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PayThink North Korea’s ATM threat should put cybersecurity teams on alert

In October, the FBI and the Department of Homeland Security issued an alert that North Korea has been behind a global operation of tampering with ATMs. The “cash-out” scheme has targeted banks in dozens of countries, generating millions of stolen dollars.

While these sorts of schemes are nothing new, the recent alert from the FBI should serve as a wake-up call to financial institutions to pay proper attention and to take those steps needed to improve their cybersecurity strategy.

The fact is, increasing consumer demand for digital engagement through multiple endpoints, coupled with aging systems, have led to the creation of vulnerabilities that can affect banks of all size, from global institutions to local credit unions. And for hackers, ATMs serve as welcome mats for company networks where much customer information is stored. Hackers work fast and their tactics often evolve faster than targets are able to keep up with. However, there are several proactive steps banks can take to help combat these threats.

Overcommunicating the threat with bank customers should be a no-brainer. But instilling confidence in them starts with transparency and reminds them of why they chose your organization over another. Implement a “see something, say something” policy reminding them that if they notice any unusual activity on their account that they should alert the institution immediately. Hackers need an easy entry point into an organization and customers are essentially Patient Zero. So utilize them as the first line of defense through empowerment.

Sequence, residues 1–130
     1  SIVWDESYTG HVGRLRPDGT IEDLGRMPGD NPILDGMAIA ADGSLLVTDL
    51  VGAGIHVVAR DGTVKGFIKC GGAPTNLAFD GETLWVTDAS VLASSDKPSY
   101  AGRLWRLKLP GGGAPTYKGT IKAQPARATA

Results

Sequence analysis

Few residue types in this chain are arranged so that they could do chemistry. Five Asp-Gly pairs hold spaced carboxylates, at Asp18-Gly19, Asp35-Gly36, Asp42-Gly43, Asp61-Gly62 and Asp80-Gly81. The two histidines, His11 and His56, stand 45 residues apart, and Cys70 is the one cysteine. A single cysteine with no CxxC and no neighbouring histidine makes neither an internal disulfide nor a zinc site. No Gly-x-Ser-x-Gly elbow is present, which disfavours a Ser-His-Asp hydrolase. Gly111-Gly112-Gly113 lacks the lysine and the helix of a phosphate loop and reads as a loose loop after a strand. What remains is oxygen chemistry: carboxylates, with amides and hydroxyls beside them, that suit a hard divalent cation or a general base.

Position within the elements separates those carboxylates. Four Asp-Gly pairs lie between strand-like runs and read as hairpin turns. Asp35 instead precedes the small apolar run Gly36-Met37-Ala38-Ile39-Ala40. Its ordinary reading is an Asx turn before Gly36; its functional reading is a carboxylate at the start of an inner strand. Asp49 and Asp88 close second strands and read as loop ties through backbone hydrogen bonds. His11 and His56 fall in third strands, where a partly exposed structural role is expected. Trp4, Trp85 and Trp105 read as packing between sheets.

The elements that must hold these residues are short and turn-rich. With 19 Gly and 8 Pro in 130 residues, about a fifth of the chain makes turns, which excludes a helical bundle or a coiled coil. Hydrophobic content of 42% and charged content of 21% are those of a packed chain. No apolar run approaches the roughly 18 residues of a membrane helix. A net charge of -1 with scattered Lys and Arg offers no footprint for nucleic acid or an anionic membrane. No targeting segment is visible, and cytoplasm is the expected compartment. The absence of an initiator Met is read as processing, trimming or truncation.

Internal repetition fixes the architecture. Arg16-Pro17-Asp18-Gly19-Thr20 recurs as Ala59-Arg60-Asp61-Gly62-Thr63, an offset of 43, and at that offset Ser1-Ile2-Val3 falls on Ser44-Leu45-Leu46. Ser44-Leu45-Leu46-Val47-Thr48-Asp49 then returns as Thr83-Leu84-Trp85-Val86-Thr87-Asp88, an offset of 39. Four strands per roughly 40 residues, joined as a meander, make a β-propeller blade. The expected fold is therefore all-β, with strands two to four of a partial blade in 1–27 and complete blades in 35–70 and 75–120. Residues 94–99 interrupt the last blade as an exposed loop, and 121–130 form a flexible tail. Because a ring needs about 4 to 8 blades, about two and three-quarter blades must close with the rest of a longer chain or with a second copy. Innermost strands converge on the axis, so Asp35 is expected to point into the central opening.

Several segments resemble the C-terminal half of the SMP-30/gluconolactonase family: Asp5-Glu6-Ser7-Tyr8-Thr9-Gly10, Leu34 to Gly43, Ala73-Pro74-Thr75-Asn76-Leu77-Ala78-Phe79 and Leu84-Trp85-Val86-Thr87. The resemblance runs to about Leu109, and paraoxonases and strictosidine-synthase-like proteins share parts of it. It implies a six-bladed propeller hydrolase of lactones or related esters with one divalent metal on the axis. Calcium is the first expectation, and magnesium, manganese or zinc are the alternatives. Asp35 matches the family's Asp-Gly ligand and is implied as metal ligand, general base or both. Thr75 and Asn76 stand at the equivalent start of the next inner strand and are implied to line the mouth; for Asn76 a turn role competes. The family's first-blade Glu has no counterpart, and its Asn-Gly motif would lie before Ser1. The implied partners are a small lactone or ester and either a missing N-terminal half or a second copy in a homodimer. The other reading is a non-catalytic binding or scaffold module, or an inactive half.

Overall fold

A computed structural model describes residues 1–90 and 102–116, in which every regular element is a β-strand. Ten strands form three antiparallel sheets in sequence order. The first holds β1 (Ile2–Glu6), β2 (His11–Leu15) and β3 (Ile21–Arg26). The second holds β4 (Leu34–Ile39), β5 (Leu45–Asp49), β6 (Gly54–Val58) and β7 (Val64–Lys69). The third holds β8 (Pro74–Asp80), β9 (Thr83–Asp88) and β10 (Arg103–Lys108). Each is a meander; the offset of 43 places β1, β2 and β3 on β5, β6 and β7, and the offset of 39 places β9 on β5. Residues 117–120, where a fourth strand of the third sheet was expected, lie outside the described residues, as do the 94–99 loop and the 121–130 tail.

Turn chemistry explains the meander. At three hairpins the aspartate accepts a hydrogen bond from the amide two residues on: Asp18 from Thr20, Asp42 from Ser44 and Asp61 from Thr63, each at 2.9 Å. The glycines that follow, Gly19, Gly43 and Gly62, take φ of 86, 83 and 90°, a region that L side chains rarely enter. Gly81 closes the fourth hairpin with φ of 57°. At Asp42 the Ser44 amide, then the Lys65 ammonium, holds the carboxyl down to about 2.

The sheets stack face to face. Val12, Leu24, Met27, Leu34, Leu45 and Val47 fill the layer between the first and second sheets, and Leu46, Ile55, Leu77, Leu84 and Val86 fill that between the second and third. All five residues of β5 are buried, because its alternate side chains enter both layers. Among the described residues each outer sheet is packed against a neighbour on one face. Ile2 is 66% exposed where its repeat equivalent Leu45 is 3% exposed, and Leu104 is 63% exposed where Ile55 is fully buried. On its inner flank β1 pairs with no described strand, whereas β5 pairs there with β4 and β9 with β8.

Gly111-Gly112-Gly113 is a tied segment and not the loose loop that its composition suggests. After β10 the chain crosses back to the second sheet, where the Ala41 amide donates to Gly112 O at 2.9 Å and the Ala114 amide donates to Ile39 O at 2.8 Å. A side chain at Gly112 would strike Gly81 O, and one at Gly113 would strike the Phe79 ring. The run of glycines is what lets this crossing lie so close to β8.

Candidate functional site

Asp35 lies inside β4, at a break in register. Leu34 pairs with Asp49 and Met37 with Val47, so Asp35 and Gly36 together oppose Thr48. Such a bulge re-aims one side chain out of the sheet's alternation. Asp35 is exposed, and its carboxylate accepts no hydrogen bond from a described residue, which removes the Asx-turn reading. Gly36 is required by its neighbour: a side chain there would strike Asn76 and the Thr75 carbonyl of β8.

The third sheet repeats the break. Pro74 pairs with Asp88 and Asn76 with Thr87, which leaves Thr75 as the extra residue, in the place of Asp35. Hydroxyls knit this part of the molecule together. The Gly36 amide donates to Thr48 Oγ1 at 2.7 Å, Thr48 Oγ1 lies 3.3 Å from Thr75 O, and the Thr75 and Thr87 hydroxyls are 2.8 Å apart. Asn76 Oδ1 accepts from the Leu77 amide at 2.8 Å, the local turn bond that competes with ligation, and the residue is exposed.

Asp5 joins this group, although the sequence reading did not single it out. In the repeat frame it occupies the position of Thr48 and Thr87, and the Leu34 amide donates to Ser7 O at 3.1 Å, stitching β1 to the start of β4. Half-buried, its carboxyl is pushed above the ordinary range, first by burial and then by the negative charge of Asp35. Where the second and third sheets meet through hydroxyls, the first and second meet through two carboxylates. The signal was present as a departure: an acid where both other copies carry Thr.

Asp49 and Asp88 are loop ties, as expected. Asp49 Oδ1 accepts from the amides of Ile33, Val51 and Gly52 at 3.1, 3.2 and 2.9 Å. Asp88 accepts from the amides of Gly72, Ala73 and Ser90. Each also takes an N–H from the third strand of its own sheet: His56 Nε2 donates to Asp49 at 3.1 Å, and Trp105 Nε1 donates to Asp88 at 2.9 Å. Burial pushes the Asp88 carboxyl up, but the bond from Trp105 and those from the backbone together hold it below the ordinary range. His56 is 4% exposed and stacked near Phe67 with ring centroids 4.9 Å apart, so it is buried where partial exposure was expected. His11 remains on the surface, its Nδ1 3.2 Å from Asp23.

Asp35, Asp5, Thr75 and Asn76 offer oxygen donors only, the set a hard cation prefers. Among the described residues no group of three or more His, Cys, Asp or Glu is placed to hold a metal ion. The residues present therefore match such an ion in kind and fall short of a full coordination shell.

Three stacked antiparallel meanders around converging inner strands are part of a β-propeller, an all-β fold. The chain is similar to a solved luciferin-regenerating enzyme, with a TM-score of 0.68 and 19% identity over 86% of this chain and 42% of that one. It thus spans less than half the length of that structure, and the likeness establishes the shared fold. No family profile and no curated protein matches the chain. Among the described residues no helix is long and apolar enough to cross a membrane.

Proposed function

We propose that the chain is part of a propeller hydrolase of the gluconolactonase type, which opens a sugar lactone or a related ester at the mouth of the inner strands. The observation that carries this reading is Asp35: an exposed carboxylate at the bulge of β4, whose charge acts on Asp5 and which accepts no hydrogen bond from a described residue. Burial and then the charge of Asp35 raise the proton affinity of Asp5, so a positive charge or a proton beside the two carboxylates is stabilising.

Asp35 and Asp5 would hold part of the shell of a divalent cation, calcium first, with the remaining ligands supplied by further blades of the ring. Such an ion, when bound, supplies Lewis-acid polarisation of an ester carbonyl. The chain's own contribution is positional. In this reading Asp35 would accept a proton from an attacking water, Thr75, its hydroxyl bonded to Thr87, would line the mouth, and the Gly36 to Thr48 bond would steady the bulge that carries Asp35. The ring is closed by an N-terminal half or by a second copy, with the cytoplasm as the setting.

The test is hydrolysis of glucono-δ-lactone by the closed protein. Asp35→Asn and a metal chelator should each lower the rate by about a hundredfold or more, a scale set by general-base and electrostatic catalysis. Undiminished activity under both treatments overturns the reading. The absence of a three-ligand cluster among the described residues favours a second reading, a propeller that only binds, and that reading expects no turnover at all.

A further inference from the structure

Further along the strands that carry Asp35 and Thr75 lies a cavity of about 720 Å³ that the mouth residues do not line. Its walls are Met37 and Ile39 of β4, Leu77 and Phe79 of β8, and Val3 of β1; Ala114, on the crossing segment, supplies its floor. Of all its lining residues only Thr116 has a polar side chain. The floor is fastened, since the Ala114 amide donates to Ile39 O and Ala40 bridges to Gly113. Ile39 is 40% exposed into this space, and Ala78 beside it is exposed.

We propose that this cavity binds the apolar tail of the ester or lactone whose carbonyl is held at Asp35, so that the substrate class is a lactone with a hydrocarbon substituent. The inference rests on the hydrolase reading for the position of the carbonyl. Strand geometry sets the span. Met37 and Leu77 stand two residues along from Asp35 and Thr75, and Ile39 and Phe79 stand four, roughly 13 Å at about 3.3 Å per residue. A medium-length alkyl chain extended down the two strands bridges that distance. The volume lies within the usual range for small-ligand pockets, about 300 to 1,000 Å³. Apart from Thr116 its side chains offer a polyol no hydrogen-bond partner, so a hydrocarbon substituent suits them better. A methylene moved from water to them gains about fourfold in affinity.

Emerging technologies, such as microsegmentation, have been proven to defend against outside actors in a variety of different applications. Microsegmentation partitions networks into segments, shrinking the potential attack surface and preventing attacks from spreading laterally throughout a network. This solution can make ATM networks undetectable to unauthorized users by dividing them into multiple segments that are highly secure, reducing the level of security risk even if a hacker were to gain access.

Some software-based microsegmentation solutions utilize encryption to add an additional layer of security by encrypting and protecting all data in motion. Because they are software-based, these solutions are easy to adopt and integrate into existing networks, limiting updates to applications or interruptions to ATM operations. More important, investments in these technologies can help strengthen and protect a bank’s brand reputation in an era where personal data security is top of mind among consumers.

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